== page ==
SRI: New technique for examining materials within tyre rubber

Observing sulphur cross-link density within SBR

Working together with a Japanese university, Sumitomo Rubber Industries, Ltd. (SRI) has established a new technique for observing materials contained within tyre rubber. This process differs from existing methods as it enables an evaluation of the actual rubber used in mass-produced tyres rather than relying upon processed test samples. The company behind the Falken tyre brand foresees the technique facilitating the development of tyres with superior performance characteristics.

The rubber used in vehicle tyres is made up of dozens of different types of materials, including polymers such as natural and synthetic rubber as well as reinforcing agents such as carbon and silica. These materials form complex, hierarchical structures within the rubber.

Explaining why it sought a new technique for examining these materials, SRI says: “In order to improve overall tyre performance, it is thus necessary to gain a clearer understanding of these hierarchical structures by observing the structures of each of the materials that make up tyre rubber in isolation.” In particular, the structures formed by sulphur cross-links, which give rubber its elasticity, have long been thought to be closely related to rubber strength as well as degradation and other changes that occur to rubber properties over time. SRI comments that until now, the details of these structures within rubber have “remained shrouded in mystery”.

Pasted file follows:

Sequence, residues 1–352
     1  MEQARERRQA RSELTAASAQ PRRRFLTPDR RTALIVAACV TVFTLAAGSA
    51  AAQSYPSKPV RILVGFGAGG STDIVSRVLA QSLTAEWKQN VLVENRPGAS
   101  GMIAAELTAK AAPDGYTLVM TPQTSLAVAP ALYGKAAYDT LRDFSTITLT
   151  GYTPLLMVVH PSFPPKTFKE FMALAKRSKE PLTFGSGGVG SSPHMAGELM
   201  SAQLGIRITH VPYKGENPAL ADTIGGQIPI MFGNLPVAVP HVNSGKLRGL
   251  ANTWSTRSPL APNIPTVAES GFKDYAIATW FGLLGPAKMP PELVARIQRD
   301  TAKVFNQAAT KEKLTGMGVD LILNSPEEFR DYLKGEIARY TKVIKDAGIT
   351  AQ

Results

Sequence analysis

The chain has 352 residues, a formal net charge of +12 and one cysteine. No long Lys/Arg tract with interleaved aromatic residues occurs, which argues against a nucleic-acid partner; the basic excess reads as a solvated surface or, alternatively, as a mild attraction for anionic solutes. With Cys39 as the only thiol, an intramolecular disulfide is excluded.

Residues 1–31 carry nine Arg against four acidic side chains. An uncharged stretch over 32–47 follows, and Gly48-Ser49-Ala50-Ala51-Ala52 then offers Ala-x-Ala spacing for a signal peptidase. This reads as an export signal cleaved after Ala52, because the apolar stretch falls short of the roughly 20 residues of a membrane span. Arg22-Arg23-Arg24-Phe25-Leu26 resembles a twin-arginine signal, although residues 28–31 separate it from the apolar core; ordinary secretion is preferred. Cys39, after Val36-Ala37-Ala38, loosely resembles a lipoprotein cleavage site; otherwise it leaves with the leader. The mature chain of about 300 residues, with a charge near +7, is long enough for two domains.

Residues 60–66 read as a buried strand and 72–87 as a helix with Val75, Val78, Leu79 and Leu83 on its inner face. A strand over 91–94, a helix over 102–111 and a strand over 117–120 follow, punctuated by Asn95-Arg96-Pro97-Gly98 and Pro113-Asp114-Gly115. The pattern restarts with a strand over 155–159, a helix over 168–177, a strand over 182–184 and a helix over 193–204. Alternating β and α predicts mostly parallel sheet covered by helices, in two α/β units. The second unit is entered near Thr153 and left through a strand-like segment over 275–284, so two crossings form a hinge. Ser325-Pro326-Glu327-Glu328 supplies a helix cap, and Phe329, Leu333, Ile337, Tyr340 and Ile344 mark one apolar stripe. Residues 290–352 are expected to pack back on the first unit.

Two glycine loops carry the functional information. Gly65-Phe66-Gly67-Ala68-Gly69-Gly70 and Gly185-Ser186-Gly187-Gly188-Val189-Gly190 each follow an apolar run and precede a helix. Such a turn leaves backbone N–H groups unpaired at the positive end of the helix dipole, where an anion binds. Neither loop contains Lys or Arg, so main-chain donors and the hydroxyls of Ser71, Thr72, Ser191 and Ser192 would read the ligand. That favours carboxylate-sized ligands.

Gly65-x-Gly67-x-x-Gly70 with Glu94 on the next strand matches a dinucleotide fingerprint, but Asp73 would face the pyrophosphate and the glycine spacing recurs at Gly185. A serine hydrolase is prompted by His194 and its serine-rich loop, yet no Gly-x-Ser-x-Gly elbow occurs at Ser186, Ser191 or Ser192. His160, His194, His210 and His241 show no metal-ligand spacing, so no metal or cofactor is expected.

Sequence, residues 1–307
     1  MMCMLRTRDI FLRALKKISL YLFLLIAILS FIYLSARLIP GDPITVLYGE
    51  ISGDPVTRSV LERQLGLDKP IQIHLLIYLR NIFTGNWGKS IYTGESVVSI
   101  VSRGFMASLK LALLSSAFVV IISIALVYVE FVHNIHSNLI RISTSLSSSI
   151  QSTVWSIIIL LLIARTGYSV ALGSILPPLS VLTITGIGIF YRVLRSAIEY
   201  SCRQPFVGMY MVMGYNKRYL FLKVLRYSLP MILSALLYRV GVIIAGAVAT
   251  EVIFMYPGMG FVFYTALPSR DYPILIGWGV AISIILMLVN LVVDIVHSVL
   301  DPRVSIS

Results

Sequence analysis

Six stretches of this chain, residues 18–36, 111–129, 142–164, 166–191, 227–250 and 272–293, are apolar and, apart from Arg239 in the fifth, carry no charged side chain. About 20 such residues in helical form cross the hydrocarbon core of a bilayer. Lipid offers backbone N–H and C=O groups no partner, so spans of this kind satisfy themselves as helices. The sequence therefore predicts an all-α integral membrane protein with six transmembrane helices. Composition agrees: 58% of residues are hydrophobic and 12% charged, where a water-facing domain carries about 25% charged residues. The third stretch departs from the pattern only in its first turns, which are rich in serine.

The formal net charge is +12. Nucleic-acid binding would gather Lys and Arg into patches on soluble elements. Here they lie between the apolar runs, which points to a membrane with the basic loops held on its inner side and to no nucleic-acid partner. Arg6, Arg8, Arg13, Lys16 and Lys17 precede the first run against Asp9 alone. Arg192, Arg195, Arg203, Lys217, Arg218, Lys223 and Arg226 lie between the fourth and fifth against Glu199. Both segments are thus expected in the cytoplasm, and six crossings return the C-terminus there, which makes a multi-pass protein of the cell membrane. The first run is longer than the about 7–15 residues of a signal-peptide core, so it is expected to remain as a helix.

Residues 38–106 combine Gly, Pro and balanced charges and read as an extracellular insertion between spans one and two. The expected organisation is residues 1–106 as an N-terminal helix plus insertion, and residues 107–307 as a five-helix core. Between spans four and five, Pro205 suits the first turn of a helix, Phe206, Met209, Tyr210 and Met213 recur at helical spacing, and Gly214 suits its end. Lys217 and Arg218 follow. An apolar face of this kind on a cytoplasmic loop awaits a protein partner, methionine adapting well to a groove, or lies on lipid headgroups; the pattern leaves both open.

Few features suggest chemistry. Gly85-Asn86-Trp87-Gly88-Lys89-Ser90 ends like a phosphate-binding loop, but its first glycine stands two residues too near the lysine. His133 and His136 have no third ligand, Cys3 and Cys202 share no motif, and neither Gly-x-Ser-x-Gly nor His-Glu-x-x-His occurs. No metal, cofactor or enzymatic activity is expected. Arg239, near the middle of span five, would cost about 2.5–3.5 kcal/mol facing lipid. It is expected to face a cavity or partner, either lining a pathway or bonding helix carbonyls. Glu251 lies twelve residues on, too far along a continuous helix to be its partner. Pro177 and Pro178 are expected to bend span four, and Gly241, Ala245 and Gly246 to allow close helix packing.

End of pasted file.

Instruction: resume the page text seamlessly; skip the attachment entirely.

The technique utilises a particle beam microscope recently developed by Ibaraki University. Together with the university, SRI has demonstrated the possibility of observing the density of sulphur cross-links in rubber. In contrast to conventional observation techniques that only provide image data that shows an inextricable mixture of sulphur and other reinforcing agents, this new technique generates clear images in which specific compound components, such as silica cross-links or other reinforcing agents, are each assigned specific colours.

“By allowing us to evaluate the very structures of tyres themselves, this image data can be used to come up with internal structures for tyres that will provide superior performance in terms of fuel efficiency, wear resistance and so forth. Thus, this new breakthrough creates enormous potential for the acceleration of the material development process.”

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